What is an Individual 401(k)?
An Individual 401(k)—also known as a solo 401(k)—is a retirement plan that can maximize your savings if you're self-employed or if you're a partner in a business whose only employees are the partners and their spouses.
Who can participate
Self-employed individuals and business owners with no common-law employees and their spouses who are employed by the business. The business owner can contribute both as an employer and employee. Also C corporations, S corporations, and limited liability companies (LLCs).
Employer contribution limits
- Up to 25% of compensation* not to exceed $55,000 for the 2018 tax year and $56,000 for the 2019 tax year.
- Contributions are generally deductible as a business expense and aren't required every year. When contributions are made, however, all participants must receive the same percentage.
Employee contribution limits
- Employees may defer 100% of their compensation up to $18,500 for the 2018 tax year ($24,500 for employees age 50 or older) and $19,000 for the 2019 tax year ($25,000 for employees age 50 or older).
- Employee contributions can be either pre-tax or after tax (Roth).
As a business owner, you can contribute both as an employer and employee. The combined amount of employer plus employee contributions can't exceed $55,000 for the 2018 tax year ($61,000 if you're age 50 or older) and $56,000 for the 2019 tax year ($62,000 if age 50 or older).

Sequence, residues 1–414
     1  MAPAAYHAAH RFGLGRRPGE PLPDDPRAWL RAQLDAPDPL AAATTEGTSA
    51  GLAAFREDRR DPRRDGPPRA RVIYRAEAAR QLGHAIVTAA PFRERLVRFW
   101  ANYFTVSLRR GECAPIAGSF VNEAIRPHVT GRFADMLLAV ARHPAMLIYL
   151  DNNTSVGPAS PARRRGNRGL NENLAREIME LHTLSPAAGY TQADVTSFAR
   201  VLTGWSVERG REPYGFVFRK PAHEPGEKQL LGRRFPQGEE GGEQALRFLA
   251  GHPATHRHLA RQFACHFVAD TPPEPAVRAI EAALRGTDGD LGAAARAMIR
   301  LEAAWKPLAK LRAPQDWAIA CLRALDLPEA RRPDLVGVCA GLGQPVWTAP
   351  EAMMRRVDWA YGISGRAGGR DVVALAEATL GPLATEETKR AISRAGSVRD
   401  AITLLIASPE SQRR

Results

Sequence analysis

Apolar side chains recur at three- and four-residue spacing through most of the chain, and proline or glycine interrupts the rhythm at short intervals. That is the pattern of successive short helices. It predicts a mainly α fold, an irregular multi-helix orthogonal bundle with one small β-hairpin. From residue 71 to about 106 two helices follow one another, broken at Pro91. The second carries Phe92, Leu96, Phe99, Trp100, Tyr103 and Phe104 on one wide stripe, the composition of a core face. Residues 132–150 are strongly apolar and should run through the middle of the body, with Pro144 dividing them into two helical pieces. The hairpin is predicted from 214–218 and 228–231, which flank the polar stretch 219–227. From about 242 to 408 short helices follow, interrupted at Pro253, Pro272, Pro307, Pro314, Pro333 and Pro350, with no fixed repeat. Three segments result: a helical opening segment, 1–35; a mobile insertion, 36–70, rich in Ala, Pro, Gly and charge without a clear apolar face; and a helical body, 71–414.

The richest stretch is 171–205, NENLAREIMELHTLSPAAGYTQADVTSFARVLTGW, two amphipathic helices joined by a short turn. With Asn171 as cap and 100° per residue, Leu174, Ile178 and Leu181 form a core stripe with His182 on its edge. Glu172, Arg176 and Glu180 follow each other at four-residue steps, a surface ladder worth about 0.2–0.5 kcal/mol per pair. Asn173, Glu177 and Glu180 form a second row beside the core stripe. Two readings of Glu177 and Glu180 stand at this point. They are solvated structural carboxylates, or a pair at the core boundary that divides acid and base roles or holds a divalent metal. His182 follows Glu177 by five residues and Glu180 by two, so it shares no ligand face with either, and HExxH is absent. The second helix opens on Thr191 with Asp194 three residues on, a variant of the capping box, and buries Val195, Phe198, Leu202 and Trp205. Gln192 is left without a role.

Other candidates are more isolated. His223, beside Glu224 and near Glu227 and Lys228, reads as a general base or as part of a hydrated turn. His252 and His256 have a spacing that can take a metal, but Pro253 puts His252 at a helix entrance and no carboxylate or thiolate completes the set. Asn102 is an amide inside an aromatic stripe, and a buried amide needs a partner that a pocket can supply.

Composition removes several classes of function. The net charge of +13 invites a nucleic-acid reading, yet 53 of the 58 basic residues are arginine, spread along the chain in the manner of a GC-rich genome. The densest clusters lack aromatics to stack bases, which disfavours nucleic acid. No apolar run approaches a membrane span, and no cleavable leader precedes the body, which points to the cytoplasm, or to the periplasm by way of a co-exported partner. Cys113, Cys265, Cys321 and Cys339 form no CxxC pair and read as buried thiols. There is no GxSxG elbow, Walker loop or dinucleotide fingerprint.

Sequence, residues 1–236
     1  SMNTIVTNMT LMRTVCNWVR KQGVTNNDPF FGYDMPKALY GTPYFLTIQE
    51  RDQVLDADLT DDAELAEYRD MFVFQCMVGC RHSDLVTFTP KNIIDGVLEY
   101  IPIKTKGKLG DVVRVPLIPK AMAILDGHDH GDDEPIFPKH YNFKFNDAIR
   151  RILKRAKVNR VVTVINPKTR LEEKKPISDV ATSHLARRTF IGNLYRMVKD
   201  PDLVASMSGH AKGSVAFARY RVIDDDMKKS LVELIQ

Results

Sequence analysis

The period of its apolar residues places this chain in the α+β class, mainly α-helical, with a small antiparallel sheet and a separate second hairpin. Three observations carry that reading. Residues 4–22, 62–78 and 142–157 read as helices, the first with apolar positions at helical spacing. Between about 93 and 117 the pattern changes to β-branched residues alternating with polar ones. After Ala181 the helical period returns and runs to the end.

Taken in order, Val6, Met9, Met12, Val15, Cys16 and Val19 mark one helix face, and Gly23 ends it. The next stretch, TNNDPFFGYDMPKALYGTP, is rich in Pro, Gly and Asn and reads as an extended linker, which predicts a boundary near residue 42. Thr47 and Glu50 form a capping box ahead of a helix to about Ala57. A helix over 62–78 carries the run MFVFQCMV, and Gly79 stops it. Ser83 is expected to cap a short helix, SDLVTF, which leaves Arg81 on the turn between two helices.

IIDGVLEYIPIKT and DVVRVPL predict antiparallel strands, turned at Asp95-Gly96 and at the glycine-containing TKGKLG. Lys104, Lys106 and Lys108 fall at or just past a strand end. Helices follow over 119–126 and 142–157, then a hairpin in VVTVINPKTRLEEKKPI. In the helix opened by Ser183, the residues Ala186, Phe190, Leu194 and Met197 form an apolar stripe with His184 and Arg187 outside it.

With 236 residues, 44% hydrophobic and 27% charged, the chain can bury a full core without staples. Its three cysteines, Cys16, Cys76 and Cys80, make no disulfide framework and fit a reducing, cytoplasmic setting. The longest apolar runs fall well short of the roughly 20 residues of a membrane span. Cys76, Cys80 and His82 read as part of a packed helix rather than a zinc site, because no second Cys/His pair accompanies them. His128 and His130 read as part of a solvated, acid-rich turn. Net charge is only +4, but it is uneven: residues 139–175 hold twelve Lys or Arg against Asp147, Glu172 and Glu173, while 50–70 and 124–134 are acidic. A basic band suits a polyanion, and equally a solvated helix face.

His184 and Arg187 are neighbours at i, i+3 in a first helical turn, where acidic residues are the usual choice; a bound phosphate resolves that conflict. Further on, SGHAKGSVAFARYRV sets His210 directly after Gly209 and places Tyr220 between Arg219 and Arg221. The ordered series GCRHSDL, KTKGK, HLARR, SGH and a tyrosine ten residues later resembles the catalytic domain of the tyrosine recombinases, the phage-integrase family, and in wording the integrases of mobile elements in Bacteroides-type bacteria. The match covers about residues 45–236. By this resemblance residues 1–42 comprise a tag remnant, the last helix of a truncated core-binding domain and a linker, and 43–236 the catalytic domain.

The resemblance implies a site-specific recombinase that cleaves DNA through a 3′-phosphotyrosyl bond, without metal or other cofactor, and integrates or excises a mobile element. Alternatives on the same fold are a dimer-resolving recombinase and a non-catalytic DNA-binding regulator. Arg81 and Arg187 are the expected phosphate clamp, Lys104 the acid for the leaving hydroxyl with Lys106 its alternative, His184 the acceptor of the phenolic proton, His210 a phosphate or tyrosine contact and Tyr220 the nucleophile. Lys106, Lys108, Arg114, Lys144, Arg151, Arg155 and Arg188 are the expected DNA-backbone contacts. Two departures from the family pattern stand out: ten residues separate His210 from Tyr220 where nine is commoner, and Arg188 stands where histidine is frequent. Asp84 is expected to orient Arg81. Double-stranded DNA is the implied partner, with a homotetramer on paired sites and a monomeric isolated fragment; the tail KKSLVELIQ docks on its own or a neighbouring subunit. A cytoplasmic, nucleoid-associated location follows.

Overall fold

No age, income, or other restrictions.
Vanguard plan features
Roth (after-tax) contributions are allowed.
Account service fees
We charge $20 a year for each Vanguard fund held in a Vanguard Individual 401(k) account. The fee may be waived in certain circumstances.
Account setup & maintenance
- There's no fee to establish an account.
- For one-participant plans, annual filing of Form 5500 is required once the plan's assets reach $250,000 or you terminate the plan. We'll provide you with information each year to help you complete the form.
- Plan administration may require occasional duties, such as periodically updating or restating the plan.
Withdrawals & loans
- You can't take withdrawals until a specified event, such as reaching age 59½, termination of the plan, separation from service, or other event as identified in the plan.
- You may be allowed to take a hardship withdrawal, which may be subject to a 10% penalty if you're under age 59½.
- You may not take a loan from your Vanguard Individual 401(k).
- You'll pay ordinary income tax on any taxable distributions.
- Roth distributions are tax- and penalty-free if taken after age 59½ and you've had the Roth Individual 401(k) for more than 5 years.
An employee other than an owner, a business partner, or a shareholder of a corporation and their respective spouses. (Independent contractors are not employees.)
A type of investment that pools shareholder money and invests it in a variety of securities. Each investor owns shares of the fund and can buy or sell these shares at any time. Mutual funds are typically more diversified, low-cost, and convenient than investing in individual securities, and they're professionally managed.
A fund that buys all (or a representative sample) of the securities in a specific index, such as the S&P 500 Index.